1 TrackBack

Tracked: February 26, 2004 4:12 PM
Proposition 57 from Calpundit
Excerpt: PROPOSITION 57....Enough about gay marriage. How about those deficit bonds that Arnold wants us Californians to approve next Tuesday? I know that 90% of you don't care about this, so consider this a bit of pandering to my fellow inmates...

21 Comments

Well, I'd love to have an amendment on gerrymandering too, but you have to play the cards you're dealt. We don't have one to vote on.

As you note, I posted on 58 earlier. I'm for it, although frankly, from what I've read, it doesn't sound like it really has any teeth.

I think taxes and spending cuts have to be part of any solution, and the only reason our crisis is so bad is that we've only had cuts on the table. I don't especially want to pay more taxes, but it's my state and my deficit and there's just no other way. I think we all know that Arnold's budget is about half smoke and mirrors already, and it only gets worse in the out years. It's just not a serious solution.

So I'll vote Yes on 56. (Plus, it's just good public policy. A two-thirds majority for the routine annual job of passing a budget is just crazy.)

I'm torn on 57. I agree with you that it would help us work out of our problems more easily. But frankly, I'm at the point where I just don't think that will work. The only thing that's going to get anyone's attention in Sacramento is a sustained crisis. It's horrible, but nothing else seems to work. I think Angelides is convincing when he says we can work out of this without the bonds, and if we vote them down we start forcing some action. It's been too long, and I don't want to give them yet another year to screw around.

BTW, I agree, of course, that state finances are similar to corporate ones. If this were the first year of a crisis, I'd agree with you about restoring liquidity first and then moving forward. But this is year 3. It's time for Chapter 11.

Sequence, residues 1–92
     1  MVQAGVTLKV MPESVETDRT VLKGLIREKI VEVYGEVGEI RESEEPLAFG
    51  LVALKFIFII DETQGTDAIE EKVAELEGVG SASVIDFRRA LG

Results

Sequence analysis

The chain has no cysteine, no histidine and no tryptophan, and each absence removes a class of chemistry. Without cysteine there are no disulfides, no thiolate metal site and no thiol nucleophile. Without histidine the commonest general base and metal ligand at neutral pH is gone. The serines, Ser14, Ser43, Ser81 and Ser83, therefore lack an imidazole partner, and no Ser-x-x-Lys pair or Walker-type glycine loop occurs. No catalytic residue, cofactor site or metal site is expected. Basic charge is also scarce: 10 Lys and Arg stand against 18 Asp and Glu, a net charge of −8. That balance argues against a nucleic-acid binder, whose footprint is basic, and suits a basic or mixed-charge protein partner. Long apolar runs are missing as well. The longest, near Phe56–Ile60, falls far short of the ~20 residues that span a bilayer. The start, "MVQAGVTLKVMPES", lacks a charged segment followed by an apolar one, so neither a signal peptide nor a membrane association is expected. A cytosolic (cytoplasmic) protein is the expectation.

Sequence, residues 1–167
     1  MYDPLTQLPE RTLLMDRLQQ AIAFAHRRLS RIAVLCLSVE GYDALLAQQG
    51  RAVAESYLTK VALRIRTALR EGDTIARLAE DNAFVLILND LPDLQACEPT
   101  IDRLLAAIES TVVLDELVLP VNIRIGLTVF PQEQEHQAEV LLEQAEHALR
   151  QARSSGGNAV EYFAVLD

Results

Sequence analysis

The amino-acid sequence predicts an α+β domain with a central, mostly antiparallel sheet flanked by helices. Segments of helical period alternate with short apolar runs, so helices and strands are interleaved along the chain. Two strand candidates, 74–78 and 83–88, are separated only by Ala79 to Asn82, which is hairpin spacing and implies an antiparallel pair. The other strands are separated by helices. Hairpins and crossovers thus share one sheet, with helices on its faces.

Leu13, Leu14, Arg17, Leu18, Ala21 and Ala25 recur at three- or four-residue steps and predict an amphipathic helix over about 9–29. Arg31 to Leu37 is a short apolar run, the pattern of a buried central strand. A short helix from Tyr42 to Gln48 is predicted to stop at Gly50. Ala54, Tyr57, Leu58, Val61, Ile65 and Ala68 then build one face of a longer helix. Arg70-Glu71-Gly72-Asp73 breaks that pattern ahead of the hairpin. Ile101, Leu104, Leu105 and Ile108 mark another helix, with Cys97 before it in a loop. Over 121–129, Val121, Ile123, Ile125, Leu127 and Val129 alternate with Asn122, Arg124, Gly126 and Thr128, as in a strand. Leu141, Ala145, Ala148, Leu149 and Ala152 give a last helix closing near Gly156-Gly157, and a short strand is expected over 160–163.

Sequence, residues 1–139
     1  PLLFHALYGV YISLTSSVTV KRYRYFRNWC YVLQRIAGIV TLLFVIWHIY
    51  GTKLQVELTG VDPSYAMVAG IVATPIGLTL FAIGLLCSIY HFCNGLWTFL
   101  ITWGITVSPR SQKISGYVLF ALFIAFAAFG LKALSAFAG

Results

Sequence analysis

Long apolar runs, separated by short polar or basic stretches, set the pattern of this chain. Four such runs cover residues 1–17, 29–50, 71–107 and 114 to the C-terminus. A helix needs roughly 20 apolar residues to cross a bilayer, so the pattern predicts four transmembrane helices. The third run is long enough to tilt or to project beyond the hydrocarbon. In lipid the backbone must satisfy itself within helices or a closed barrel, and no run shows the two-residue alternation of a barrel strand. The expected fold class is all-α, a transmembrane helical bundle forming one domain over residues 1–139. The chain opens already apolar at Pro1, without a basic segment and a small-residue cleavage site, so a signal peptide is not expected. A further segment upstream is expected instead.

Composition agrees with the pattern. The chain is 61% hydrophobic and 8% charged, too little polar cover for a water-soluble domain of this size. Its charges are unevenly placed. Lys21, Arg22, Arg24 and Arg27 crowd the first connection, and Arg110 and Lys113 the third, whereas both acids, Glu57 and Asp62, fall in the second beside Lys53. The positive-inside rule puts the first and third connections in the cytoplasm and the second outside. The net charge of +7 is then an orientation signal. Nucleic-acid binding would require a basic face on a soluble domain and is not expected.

Kevin, one question: Why now? Seriously, this budget issue has been hacked around by smart people for the last four years (one of the major reasons I was so PO'ed at Davis); why is this the right year to pull the plug and see if we can get a reboot?

A.L.

Uuuuummmmmm, prop 56 says something about law makers not getting paid until they pass a budget. This sounds great until you realize that the incentive here is all wrong. First of all, many of these folks aren't nearly as dependant on each paycheck as I am and secondly, those that are will be encouraged to go along with the majority which has been taxing me to death to support programs that I find abhorrent and instead of cutting spending in pet social programs will compromise public safety by making cuts in Police and Fire budgets. There is no extra left there and many are concerned about layoffs in the next round of cuts. Also, I am not nearly as learned as many who frequent this site, so could someone please explain to me how our schools are in such trouble, but everytime we agree to a bond or tax or lottery to aid education, there seems to be no improvement in this condition?

Kevin and I seem to be in sync here.

Why I think I'm voting "No" on 57 is I can't imagine any reason that the structural imbalance between revenues and expenses (which, I regret, should mostly but not entirely be discredited to the Democratic Party) will be easier to handle after the billions of dollars of interest payments on the Prop 57 bonds are added in. I smell a gamble, that just maybe the economy will have recovered enough that the necessary cuts/taxes won't be any worse, might even be better, than if imposed now. But what's behind the gamble isn't economics (even if the propositions pass and we do in fact get lucky). What's behind the gamble is shoring up the political viability of the new Governor, who has so far made the situation $4 Billion worse with the car tax, and for that matter most of the Democrats in Sacto except Angelides.

Oh, a gerrymandering point. I think we should change our system one week after Texas changes its. Let Arnold shop his reapportionment initiative there first.

Unilateral Democratic disarmament isn't my scene.

(BTW, one of Gerry's direct descendants is a professor at the Univ of California, Davis.)